Listen: K.M.B. Hyperactive rapping, staccato beats and rumbling rock bass colour this horror story about murdering your boyfriend.
Self Esteem – Prioritise Pleasure
Rebecca Taylor’s status as the current Mercury favourite stems from her second album’s appearance at the top of many of the lists of best albums of 2021. At 35, she’s lived more life than most pop singers, and has bitter experience to add to the big tunes. Some of the more shocking details here will resonate strongly with the #MeToo movement, but the overall message is an uplifting one.
Listen: I Do This All the Time. A big moment during Glastonbury weekend, spoken word verses give hard won sisterly advice while a gospel chorus offers warm encouragement.
Harry Styles – Harry’s House
The prize’s enthusiasm for leftfield music lets people forget that Take That, the Spice Girls and Ed Sheeran have all been nominees. This time there are likely to be fewer objections if the token pure pop album actually wins. Styles’s third solo album sees him stepping out from under legendary influences to find a joyful, breezy sound that’s all his own.
Listen: Late Night Talking. Retro synth stabs and a smooth, swinging vocal elevate a catchy song about newfound love into something with long-term appeal.
Wet Leg – Wet Leg
Mercury shortlists can also be a bit po-faced, full of worthy albums you need to force yourself to listen to. The spiky debut from Isle of Wight indie rock duo Rhian Teasdale and Hester Chambers is one of a few this year that is genuinely brilliant fun. It’s stuffed with surreal, quotable lines and a youthful energy that makes it hard for any listener to remain seated.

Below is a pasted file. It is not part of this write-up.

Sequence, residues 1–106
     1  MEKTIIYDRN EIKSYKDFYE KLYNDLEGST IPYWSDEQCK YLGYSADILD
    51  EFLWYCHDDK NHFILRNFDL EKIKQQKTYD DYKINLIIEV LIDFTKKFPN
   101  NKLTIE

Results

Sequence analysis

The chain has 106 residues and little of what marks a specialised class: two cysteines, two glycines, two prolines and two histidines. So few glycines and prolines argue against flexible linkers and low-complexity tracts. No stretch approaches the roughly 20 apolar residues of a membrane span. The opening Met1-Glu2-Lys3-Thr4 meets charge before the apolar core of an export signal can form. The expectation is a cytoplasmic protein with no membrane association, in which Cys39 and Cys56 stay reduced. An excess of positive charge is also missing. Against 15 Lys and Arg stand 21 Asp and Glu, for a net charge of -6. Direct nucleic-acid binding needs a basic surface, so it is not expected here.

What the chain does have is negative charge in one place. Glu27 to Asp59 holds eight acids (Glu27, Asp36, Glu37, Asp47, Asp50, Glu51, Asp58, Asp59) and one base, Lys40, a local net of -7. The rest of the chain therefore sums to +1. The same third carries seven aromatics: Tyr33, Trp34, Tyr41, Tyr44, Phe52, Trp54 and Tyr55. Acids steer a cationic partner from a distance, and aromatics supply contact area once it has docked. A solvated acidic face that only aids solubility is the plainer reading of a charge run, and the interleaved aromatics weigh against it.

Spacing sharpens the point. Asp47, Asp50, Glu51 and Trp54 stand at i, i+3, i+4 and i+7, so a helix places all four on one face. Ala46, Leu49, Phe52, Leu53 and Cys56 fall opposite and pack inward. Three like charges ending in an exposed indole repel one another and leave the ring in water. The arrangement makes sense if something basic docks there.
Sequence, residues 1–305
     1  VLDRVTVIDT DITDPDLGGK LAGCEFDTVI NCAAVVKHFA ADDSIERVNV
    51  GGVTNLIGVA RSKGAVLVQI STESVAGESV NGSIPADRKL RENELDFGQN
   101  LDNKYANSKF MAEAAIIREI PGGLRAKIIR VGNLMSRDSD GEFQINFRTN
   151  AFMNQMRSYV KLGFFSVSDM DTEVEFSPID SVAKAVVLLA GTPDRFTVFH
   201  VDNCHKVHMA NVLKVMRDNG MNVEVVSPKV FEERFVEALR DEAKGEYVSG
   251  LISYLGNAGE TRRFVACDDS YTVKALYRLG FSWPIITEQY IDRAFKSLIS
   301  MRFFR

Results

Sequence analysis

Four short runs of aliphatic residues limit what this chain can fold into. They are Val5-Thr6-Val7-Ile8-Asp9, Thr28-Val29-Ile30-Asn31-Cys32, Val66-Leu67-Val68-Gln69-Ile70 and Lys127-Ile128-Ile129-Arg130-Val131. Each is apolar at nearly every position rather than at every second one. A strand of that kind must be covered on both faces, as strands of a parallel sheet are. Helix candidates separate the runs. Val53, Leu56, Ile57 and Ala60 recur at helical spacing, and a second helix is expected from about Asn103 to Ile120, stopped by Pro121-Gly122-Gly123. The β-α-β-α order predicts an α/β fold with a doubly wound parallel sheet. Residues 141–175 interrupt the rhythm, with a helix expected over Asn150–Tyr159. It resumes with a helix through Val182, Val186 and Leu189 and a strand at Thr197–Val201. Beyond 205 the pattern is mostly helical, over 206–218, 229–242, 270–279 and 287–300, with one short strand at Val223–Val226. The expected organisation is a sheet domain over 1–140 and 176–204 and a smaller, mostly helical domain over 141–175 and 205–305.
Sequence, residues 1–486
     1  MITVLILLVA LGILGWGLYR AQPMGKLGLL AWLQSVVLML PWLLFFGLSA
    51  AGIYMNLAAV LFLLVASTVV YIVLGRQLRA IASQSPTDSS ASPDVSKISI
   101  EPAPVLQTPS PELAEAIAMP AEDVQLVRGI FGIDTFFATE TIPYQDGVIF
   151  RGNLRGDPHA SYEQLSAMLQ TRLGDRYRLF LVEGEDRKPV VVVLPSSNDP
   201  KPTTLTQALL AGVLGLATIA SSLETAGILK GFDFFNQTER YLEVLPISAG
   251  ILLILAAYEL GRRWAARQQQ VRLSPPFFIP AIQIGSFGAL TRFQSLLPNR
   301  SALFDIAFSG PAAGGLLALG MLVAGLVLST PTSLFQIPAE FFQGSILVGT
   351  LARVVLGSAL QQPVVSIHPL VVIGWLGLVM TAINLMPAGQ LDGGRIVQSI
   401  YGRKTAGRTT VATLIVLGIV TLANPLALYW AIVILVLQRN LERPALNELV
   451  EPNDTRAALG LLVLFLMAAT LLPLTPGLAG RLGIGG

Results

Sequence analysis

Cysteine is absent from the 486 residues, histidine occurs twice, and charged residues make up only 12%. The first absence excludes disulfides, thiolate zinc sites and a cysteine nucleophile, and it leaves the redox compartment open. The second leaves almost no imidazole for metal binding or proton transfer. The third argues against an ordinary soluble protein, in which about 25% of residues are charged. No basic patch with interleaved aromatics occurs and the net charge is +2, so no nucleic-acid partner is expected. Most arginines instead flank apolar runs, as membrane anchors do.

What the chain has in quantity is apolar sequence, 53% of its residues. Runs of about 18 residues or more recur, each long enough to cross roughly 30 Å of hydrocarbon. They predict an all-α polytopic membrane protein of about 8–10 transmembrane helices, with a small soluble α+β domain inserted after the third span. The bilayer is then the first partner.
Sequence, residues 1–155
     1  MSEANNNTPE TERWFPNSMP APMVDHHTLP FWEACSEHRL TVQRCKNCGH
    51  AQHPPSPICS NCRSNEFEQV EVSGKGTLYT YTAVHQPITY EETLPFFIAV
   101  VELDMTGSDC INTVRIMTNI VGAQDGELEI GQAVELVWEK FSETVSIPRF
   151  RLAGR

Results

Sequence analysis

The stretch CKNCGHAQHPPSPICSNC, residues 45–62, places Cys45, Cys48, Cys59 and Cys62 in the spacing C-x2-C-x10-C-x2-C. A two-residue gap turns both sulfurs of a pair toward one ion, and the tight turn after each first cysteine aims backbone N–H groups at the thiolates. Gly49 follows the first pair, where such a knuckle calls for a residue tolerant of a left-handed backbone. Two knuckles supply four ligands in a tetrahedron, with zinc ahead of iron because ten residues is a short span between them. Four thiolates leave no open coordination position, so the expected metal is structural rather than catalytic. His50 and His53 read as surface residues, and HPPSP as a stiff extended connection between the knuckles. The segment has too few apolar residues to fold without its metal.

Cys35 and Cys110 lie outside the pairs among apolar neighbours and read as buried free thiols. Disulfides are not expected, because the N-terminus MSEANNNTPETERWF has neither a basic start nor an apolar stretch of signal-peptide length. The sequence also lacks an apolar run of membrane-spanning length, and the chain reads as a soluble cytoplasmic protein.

Listen: Angelica. Jangly guitars and big rock dynamics make an anthem out of a tale of a night out. “I don’t know what I’m even doing here/I was told that there would be free beer,” deadpans Teasdale.
Yard Act – The Overload
Joining Wet Leg and Self Esteem in scoring nominations for albums that are actually funny, there might not be much to Yard Act’s skeletal indie if it wasn’t for James Smith’s wry, mocking lyrics. The band are part of a new wave of spoken word rock, also owing a big debt to The Fall. It’s as if a northern comedian wandered onto the wrong stage.
Listen: 100% Endurance. After all the sarcasm, the album finishes with something heartfelt and poetic. It’s so good that Elton John recently appeared on a new version.
The 2022 Mercury Prize with FREE NOW Awards Show is on Thursday at the Eventim Apollo